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Hello, my name is Ryan Metcalf. I am an Assistant Professor of Pathology at the University of Utah and Associate Medical Director of University Hospital Transfusion Services and ARUP Blood Services along with Medical Director of ARUP Immunohematology Reference Laboratory. Welcome to this Pearl of Laboratory Medicine on “Blood Utilization and Transfusion Committee.”
Transfusion is a high volume activity that interfaces with many hospital services and thus has many stakeholders, such as complex cardiac surgery, solid organ transplant surgery, trauma, hematology/oncology, high-risk obstetrics, critical care, neonatal critical care, and more. Blood transfusion is not without risk: transfusion is actually the most commonly performed procedure in the US and is often considered one of the most over-performed. Ultimately, the Hospital Transfusion Committee is charged with monitoring transfusion practices and adverse events to improve quality and patient safety. In doing so, HTC helps meet regulatory and accrediting body requirements.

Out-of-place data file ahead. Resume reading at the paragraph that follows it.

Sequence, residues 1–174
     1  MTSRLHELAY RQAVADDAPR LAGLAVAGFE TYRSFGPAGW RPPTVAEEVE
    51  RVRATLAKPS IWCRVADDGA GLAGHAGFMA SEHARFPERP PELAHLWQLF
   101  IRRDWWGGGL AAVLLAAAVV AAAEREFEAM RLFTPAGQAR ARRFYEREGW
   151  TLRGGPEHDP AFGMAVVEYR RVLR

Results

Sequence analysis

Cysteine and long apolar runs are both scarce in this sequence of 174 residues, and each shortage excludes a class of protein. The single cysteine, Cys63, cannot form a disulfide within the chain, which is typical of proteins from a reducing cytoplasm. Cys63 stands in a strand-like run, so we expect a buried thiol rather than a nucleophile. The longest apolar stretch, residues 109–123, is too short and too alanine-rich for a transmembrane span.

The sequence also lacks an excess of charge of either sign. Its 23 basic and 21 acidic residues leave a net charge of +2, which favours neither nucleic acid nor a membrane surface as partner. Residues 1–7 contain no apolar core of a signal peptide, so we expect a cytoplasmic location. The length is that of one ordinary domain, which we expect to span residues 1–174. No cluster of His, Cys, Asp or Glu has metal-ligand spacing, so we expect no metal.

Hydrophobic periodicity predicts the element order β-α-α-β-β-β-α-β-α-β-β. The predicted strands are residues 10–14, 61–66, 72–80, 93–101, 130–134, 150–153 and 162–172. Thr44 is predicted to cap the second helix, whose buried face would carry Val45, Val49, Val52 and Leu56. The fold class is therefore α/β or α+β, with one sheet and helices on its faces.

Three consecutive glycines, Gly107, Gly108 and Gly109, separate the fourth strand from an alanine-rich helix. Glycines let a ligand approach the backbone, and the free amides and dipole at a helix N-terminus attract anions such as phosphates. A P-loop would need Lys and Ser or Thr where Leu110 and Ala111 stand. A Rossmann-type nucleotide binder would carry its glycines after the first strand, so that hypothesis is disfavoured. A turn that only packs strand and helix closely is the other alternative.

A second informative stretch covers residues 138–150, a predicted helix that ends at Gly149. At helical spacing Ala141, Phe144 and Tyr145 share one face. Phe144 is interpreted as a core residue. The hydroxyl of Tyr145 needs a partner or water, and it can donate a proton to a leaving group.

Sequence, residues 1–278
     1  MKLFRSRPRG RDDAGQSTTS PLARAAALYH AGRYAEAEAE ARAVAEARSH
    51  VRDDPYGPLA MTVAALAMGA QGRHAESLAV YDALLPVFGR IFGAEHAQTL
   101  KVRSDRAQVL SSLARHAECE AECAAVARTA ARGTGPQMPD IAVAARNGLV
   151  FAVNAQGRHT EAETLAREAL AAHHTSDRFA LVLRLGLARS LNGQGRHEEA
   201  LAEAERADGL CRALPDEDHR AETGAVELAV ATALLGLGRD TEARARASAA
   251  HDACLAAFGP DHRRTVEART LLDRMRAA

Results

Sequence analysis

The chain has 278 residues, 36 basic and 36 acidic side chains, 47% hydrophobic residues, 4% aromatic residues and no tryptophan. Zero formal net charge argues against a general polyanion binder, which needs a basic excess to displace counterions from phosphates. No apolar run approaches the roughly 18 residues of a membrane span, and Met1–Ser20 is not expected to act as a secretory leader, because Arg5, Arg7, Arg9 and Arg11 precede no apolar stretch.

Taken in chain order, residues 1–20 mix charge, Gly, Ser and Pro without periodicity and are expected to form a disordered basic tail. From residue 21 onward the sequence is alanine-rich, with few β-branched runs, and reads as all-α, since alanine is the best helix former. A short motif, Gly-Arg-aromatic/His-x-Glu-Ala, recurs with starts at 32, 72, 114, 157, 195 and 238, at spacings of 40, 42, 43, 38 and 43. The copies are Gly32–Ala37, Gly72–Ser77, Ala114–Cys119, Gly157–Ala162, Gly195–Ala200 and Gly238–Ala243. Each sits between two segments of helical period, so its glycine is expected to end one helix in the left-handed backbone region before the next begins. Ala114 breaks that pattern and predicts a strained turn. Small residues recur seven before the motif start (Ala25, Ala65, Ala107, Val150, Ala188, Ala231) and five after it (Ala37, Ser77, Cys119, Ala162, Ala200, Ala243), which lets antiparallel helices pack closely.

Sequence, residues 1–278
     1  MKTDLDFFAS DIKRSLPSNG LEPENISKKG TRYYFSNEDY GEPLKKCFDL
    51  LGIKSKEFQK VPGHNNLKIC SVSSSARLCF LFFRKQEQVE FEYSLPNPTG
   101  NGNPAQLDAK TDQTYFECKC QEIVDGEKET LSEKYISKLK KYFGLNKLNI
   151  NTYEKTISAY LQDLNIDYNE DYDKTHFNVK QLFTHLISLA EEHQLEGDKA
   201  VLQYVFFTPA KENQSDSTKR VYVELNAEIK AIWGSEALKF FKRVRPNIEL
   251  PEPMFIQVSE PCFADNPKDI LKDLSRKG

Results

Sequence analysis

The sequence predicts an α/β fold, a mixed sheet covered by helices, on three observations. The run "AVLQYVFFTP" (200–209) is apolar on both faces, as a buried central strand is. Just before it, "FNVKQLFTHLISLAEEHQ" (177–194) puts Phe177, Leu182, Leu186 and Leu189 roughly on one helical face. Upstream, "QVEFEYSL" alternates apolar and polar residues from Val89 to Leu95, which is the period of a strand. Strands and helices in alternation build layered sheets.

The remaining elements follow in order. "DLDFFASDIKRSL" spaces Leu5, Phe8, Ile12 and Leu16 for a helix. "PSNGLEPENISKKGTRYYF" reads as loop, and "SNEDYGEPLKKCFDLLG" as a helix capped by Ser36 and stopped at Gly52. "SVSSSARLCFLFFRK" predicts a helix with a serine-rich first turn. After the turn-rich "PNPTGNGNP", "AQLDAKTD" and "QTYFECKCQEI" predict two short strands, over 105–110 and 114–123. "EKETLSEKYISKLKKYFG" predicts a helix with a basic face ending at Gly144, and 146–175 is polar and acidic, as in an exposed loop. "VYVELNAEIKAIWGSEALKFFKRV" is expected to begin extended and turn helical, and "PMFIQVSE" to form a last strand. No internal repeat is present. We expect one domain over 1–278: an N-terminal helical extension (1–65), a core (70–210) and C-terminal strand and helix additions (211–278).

Transfusion services are regulated by the Food and Drug Administration (FDA), under which the Code of Federal Regulations (CFR) requires hospitals to have a quality assessment and improvement program that includes transfusion practices. CMS requires this for Medicaid reimbursement. CAP and AABB are accrediting bodies, both of which require review of transfusion practices and adverse events. Many hospitals are also accredited by The Joint Commission, which has similar requirements.
Any formal hospital committee should have a charter to clearly define its purpose, roles & responsibilities, and a framework for accomplishing goals. A typical charter will include the following elements: the committee name, its purpose, members of the committee, definition of a quorum, how often they should meet, committee responsibilities, authorities delegated, criteria for how decisions are made such as voting, measures of success, and approval & reporting to executive committee oversight.